Omid Majidinejad
'Rebellious Utopia'

Omid Majidinejad, 'Rebellious Utopia' series, 2021, ink on paper, 44 x 30 Inches, courtesy of the artist and Hamzianpour & Kia

Hamzianpour & Kia is pleased to present Rebellious Utopia, a solo show by Omid Majidinejad, on view Dec 10, 2022 - Jan 7, 2023. The show comprises ink-drawn works on paper, all created in the past two years. 

The opening reception is on Saturday, December 10, from 4-8 pm. 

Hamzianpour and Kia is located in the Wilshire Miracle Mile at 5225 Wilshire Boulevard, Suite 212. The gallery's entrance is on Wilshire and la Brea on weekdays. 

On Saturday, December 10th, please enter through the alley (Carling Way) behind the building.

 

While training as an architect and industrial designer, Omid Majidinejad became interested in the notion of Utopia and the perennial search for the perfect city.  Growing up in Isfahan, he was inspired by the city’s central square, the illustrious Naqhsh-e Jahan – a vast public-private complex that covers nearly a million square feet and includes a palace, two mosques and a bazaar. He saw this square and its constant flux of people as a microcosmic city in itself, and realized that manifestations of Utopia can and do exist, albeit in a decidedly imperfect state – an idea that became central in his creation of the works on view in this show. In subsequent travels around the western world, Majidinejad encountered many more architectural iterations of the utopian ideal, both in squares such as St. Peter’s, and in public arenas like the Colosseum, and began to further question the concept of structures as expressions of ideas and ideologies.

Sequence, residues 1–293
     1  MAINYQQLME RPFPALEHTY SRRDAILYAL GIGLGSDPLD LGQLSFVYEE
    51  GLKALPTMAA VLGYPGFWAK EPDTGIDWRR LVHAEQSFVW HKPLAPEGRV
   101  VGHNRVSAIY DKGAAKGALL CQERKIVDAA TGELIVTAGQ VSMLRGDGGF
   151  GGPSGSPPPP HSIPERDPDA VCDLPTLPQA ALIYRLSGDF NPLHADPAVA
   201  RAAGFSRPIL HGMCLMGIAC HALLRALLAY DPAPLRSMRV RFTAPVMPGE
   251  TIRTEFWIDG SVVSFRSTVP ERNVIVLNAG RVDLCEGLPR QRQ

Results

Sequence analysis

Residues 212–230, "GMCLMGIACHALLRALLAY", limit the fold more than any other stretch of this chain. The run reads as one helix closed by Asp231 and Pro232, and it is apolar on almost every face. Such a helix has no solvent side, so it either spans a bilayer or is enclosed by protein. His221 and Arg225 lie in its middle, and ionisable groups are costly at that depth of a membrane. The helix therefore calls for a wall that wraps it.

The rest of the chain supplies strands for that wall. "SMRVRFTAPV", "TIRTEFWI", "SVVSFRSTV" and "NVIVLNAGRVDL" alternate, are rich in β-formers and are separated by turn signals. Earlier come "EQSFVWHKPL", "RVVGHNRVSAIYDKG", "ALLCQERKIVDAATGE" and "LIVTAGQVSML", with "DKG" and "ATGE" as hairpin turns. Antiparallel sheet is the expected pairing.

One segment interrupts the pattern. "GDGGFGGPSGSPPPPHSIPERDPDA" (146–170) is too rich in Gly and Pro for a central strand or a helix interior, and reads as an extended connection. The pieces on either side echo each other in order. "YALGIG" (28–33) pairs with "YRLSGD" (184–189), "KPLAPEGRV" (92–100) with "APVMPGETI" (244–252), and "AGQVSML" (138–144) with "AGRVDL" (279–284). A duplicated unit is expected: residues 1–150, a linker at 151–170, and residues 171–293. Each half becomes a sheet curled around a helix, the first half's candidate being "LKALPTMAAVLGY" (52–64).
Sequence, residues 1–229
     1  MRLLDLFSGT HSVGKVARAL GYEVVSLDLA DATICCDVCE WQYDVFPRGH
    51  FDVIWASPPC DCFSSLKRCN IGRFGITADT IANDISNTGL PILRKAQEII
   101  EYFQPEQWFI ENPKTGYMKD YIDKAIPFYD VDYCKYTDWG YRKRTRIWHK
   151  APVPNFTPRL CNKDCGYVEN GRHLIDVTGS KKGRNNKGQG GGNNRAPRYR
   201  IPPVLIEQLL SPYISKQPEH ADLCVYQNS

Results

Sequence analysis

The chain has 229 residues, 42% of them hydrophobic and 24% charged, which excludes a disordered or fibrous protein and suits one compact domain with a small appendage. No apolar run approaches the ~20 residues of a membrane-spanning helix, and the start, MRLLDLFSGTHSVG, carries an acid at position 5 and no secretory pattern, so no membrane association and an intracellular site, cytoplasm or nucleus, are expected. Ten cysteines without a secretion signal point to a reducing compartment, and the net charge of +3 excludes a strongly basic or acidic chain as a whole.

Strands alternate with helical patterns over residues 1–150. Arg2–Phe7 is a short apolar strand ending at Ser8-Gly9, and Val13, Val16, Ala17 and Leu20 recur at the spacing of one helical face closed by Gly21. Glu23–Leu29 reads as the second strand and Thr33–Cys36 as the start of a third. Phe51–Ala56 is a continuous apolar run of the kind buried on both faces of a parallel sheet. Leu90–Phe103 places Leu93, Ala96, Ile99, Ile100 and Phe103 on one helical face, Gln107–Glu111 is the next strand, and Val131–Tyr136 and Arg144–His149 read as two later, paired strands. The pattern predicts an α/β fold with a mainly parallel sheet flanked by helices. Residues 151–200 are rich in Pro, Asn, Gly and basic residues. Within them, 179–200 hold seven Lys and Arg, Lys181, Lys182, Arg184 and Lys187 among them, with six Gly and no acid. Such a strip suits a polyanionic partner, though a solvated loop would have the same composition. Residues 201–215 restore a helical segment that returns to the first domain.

In his art, Majidinejad reduces the three-dimensional back down to two, boldly ‘collapsing’ iconic buildings and complexes that were conceived (and continue to be construed) as paragons of perfection and embodiments of paradigms both theological and secular. The sanctity and archetypal nature of these structures is disrupted and interrogated by Majidinejad’s practice of transposing architectural elements not only across buildings but across styles, eras, and cultures. In bringing quintessential components of Gothic church to a Romanesque mosque and vice-versa, for example, Majidinejad underlines both the affinities and the disparities that characterize the two styles and their socio-religious origins – and in the process creates a language that is at the same time anomalous and familiar. The resultant disorientation prompts the viewer to examine their own liminal preconceptions about the inviolability of borders and definitions.



 

 

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